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Blue Porcupine

Page: 1
by Robert Harris
Edition: Paperback
Price: £8.99

1 of 2 people found the following review helpful
3.0 out of 5 stars Why did Harris start writing about ancient Rome?, 15 Feb. 2011
This review is from: Pompeii (Paperback)
This is not a bad novel, and not a cracking good one either. You canter through it happily, not getting too involved with the characters or having your nerves twanged too much. I don't regret reading it, but I wasn't reading until 2am with pounding heart, the way I was with Enigma, Fatherland and Archangel.

First, the positives. The sense of place is wonderful. The bay of Naples area is conjured up beautifully, as is Roman architecture and wealth - all those pools and gardens. The aqueduct sections are good, if dense. The weather is important in the story and is well written. You really can feel the stifling heat of Campania in August weighing down on you - and of course, you know something about that stifling heat that the characters don't. The pressure in the atmosphere builds literally and metaphorically towards the eruption, and it's very clever.

Two main - and quite major - faults. First, the characters moving across this fantastic landscape are cardboard cut-outs; it's as if Harris can't quite believe in these two-thousand-year-old people himself. The dialogue has none of his usual spareness and seems trapped in a 1960s afternoon play version of ancient Rome (even with the swearing). The only character I cared about at all was Pliny the Elder, and that's only because we have his nephew's eyewitness account of his role. The section where Harris lightly reworks this account has the only strong tension and character-development in the book. A pity he couldn't match Pliny the Younger's narrative powers elsewhere!

Even more of a problem is the research. Harris has done a lot of it and he's damn well going to tell us about it, whether it's germane or not. This is a basic bloomer in historical novel-writing, and I don't think a new writer would get away with so much telling and not showing. This passage from the second page, for instance:

"He wiped the sweat from his eyes on the sleeve of his tunic. Such shimmering, feverish heavens they had here in the south! Even this close to daybreak, a great hemisphere of stars swept down to the horizon. He could see the horns of Taurus, and the belt and sword of the Hunter; there was Saturn, and also the Bear, and the constellation they called the Vintager, which always rose for Caesar on the twenty-second day of August, following the Festival of Vinalia, and signalled that it was time to harvest the wine."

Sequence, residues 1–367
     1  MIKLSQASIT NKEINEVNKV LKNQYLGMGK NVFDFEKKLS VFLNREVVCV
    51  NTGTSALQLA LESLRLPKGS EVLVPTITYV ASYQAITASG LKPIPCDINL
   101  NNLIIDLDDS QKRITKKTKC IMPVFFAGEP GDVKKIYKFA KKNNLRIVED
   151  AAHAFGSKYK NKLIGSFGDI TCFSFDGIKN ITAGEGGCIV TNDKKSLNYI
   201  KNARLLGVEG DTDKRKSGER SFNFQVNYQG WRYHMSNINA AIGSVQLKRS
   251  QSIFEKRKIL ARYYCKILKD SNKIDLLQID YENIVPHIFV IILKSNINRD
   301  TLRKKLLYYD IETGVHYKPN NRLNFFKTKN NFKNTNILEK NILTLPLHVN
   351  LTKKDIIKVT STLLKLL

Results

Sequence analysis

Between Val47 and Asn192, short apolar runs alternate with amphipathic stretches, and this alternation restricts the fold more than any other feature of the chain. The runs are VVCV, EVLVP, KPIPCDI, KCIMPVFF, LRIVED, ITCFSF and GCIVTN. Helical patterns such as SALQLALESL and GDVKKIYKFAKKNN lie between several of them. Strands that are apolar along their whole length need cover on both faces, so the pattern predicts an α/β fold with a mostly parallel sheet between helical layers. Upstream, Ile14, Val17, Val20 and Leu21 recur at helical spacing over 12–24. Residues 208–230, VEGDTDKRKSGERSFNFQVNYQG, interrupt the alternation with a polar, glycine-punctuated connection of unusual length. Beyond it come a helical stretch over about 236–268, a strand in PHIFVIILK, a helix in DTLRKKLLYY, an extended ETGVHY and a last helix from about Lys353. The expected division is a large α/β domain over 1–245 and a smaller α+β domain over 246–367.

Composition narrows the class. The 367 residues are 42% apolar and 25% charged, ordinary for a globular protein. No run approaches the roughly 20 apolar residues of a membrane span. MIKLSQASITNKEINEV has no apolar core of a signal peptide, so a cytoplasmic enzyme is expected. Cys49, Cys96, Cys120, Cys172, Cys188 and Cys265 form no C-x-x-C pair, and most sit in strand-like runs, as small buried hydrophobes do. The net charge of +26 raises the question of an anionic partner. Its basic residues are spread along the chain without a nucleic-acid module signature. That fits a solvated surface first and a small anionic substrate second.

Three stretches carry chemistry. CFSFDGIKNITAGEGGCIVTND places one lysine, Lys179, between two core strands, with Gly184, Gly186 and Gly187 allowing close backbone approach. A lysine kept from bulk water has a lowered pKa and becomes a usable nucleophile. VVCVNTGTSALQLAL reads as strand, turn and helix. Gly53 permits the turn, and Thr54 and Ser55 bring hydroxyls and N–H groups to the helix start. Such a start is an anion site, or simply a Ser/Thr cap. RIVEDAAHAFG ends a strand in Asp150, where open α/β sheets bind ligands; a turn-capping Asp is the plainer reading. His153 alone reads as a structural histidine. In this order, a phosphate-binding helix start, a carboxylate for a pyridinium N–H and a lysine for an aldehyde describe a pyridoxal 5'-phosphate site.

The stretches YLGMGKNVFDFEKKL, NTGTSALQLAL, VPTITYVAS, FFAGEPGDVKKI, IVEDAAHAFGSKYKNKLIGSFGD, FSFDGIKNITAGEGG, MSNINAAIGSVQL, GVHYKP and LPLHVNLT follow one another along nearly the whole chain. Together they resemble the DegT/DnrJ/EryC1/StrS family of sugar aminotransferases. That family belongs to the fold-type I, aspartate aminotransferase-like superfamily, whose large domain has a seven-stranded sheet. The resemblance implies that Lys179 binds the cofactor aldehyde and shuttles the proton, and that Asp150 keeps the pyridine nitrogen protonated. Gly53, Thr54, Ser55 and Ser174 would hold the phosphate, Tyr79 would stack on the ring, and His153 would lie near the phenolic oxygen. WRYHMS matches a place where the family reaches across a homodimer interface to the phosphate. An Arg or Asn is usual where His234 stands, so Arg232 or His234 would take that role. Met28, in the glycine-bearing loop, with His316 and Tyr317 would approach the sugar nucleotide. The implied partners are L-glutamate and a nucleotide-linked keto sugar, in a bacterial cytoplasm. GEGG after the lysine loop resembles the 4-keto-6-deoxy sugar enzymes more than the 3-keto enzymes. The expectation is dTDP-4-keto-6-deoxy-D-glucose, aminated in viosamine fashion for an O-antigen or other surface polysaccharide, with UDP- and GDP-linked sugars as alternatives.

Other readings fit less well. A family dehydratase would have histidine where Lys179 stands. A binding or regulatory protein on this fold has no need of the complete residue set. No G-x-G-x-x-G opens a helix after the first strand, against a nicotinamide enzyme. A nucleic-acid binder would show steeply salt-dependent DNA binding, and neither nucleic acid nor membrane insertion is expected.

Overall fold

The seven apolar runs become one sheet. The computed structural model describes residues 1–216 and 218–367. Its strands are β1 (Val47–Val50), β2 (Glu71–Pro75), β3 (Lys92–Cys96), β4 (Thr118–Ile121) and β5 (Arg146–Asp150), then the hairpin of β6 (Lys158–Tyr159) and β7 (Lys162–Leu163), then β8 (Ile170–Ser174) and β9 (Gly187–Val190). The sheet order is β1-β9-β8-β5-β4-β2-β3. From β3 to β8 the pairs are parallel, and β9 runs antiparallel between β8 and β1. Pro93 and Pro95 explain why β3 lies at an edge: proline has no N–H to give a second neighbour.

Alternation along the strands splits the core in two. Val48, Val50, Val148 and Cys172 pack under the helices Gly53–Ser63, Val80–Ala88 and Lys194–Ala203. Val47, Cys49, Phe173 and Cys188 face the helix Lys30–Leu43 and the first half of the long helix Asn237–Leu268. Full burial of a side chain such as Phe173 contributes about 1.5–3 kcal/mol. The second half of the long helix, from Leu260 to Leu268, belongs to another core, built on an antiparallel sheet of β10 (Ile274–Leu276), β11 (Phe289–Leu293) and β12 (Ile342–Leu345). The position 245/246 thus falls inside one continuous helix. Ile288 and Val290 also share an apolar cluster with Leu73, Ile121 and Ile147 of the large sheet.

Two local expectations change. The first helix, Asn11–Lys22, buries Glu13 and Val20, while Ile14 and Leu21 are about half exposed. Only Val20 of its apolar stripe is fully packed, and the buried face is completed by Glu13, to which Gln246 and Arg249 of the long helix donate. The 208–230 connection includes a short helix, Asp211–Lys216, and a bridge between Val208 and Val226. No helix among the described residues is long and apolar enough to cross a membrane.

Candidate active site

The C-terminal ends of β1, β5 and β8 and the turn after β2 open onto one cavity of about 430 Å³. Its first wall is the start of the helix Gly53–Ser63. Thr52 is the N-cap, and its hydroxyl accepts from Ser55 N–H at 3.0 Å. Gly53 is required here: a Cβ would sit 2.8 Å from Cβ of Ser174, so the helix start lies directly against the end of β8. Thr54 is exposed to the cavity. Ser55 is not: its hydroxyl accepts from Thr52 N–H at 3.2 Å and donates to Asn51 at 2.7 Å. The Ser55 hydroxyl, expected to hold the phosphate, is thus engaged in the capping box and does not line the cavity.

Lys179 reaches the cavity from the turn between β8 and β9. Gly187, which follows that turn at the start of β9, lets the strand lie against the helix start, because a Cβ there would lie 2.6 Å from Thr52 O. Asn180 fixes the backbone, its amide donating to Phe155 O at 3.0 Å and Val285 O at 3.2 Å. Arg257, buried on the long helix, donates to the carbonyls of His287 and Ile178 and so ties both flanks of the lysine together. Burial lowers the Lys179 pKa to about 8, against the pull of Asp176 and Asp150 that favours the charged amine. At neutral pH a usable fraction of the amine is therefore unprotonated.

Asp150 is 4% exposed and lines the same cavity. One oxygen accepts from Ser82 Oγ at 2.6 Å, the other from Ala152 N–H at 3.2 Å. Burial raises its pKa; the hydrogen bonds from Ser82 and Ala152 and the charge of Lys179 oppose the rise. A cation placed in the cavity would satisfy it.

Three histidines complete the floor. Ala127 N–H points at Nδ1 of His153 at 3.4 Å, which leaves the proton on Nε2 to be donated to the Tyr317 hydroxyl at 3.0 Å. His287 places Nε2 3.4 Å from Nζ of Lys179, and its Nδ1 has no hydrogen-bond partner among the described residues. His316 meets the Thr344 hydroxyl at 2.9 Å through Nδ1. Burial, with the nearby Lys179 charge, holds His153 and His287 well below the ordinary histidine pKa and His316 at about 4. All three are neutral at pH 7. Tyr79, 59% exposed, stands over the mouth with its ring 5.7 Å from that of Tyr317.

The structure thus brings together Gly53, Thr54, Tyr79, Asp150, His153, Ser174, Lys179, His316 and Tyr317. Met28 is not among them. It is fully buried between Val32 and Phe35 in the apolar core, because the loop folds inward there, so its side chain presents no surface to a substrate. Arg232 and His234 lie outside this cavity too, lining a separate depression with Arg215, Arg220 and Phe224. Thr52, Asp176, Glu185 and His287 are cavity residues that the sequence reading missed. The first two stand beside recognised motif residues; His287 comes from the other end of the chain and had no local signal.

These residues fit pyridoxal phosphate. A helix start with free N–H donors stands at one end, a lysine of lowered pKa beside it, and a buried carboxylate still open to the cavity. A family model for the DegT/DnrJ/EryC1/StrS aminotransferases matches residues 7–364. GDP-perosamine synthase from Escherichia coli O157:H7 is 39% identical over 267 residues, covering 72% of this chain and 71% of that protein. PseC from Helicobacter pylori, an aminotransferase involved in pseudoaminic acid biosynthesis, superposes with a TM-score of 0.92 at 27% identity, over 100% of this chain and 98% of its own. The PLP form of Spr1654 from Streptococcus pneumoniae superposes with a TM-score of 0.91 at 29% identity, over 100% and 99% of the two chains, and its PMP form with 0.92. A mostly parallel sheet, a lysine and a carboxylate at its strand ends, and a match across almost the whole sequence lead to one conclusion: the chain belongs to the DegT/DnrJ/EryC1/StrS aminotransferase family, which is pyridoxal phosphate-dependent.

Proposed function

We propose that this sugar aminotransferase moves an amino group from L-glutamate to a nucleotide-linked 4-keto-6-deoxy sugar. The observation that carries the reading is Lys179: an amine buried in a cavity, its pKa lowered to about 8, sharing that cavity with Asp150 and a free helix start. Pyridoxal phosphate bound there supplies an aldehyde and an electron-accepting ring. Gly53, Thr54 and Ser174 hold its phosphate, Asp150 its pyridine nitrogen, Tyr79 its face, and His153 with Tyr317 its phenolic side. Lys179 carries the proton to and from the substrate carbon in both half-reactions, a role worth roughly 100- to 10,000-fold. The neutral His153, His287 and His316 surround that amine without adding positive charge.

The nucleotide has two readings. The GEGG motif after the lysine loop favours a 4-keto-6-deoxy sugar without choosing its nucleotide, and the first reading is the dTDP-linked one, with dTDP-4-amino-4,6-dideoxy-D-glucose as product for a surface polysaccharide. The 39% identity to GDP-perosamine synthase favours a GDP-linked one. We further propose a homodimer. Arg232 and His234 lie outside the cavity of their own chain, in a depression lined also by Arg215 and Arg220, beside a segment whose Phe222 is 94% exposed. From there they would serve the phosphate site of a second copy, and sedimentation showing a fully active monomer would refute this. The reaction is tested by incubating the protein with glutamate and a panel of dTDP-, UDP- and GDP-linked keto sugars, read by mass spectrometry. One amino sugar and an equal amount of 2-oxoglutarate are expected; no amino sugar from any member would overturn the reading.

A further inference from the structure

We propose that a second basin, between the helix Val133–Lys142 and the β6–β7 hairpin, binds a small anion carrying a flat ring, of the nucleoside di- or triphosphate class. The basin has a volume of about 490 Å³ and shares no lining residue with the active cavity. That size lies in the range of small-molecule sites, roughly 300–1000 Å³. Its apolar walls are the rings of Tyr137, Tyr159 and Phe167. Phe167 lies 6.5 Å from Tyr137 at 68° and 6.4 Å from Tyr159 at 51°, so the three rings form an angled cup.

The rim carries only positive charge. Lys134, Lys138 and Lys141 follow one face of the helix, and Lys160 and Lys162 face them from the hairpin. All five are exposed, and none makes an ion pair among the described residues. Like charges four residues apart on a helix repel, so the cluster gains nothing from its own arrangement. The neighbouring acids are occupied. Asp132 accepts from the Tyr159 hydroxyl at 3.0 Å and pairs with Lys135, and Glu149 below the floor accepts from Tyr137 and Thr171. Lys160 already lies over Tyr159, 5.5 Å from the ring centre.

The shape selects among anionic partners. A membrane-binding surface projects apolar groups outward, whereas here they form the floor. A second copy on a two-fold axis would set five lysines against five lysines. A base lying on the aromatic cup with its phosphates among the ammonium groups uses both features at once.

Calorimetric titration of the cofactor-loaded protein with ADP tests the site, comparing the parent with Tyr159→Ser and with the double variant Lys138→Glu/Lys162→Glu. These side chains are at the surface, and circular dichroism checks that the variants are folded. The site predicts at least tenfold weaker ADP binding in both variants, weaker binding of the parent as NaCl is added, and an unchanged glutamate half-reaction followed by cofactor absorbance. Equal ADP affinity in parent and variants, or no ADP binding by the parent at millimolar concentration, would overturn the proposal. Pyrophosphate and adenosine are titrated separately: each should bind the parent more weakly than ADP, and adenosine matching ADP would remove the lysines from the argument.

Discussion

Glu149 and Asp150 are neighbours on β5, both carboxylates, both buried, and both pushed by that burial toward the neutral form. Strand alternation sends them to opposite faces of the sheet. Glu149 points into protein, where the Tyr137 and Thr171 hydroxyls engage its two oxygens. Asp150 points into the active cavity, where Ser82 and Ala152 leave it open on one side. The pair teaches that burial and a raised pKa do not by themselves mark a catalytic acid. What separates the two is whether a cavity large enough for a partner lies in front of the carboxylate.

Sheesh. Now I know how the characters felt when they were wading through all that pumice.

I'm not sure why Harris started writing about ancient Rome. On the evidence of this and the Cicero novels, he's not nearly as good at it as he is the twentieth-century novels. I suspect he's a little bit in thrall to the whole idea of Rome, and sees it as a magnificent story in itself, with no need for such mere things as tension and character development. He hasn't yet grappled with Rome as confidently as he does more recent territory, and weaker books are the result.

The Untouchables [DVD] [1987]
The Untouchables [DVD] [1987]
Dvd ~ Kevin Costner
Offered by Rikdev Media
Price: £2.68

1 of 6 people found the following review helpful
2.0 out of 5 stars Dull 1980s schlock, 31 Jan. 2011
This film was always in the back of my mind as one of those classics I'd missed, and I love all kinds of caper/crime/action movies. I saw it for the first time recently. Nothing but dull 1980s schlock, I'm afraid, and not in a good way! Disneyworld-does-the-thirties atmosphere, plodding script, one-dimensional characters, wooden acting (even Sean Connery is rubbish), and no real plot development beyond "those suspicious-looking cardboard cut-outs over there are the bad guys, these insufferable prats over here are the good guys".

And what is up with the constant overdone music!? Were all 1980s films like this and I just didn't notice? They might as well have had a little man with a sign in the corner of the screen saying "This bit is sad/funny/serious, you are supposed to cry/laugh/frown." The moment when it rolled over from being just crap into laughably crap was the horse-gun-fight-Mountie-western-whatever scene, which was basically Indiana Jones without the humour, warmth or good direction. After that I was half-reading a magazine and waiting for the thing to end. I can't help suspecting that a lot of people who rate this saw it for the first time as kids, so like it for nostalgic reasons. There are very occasional moments where some suspense breaks through, but they're just not worth trudging through the rest of the film for.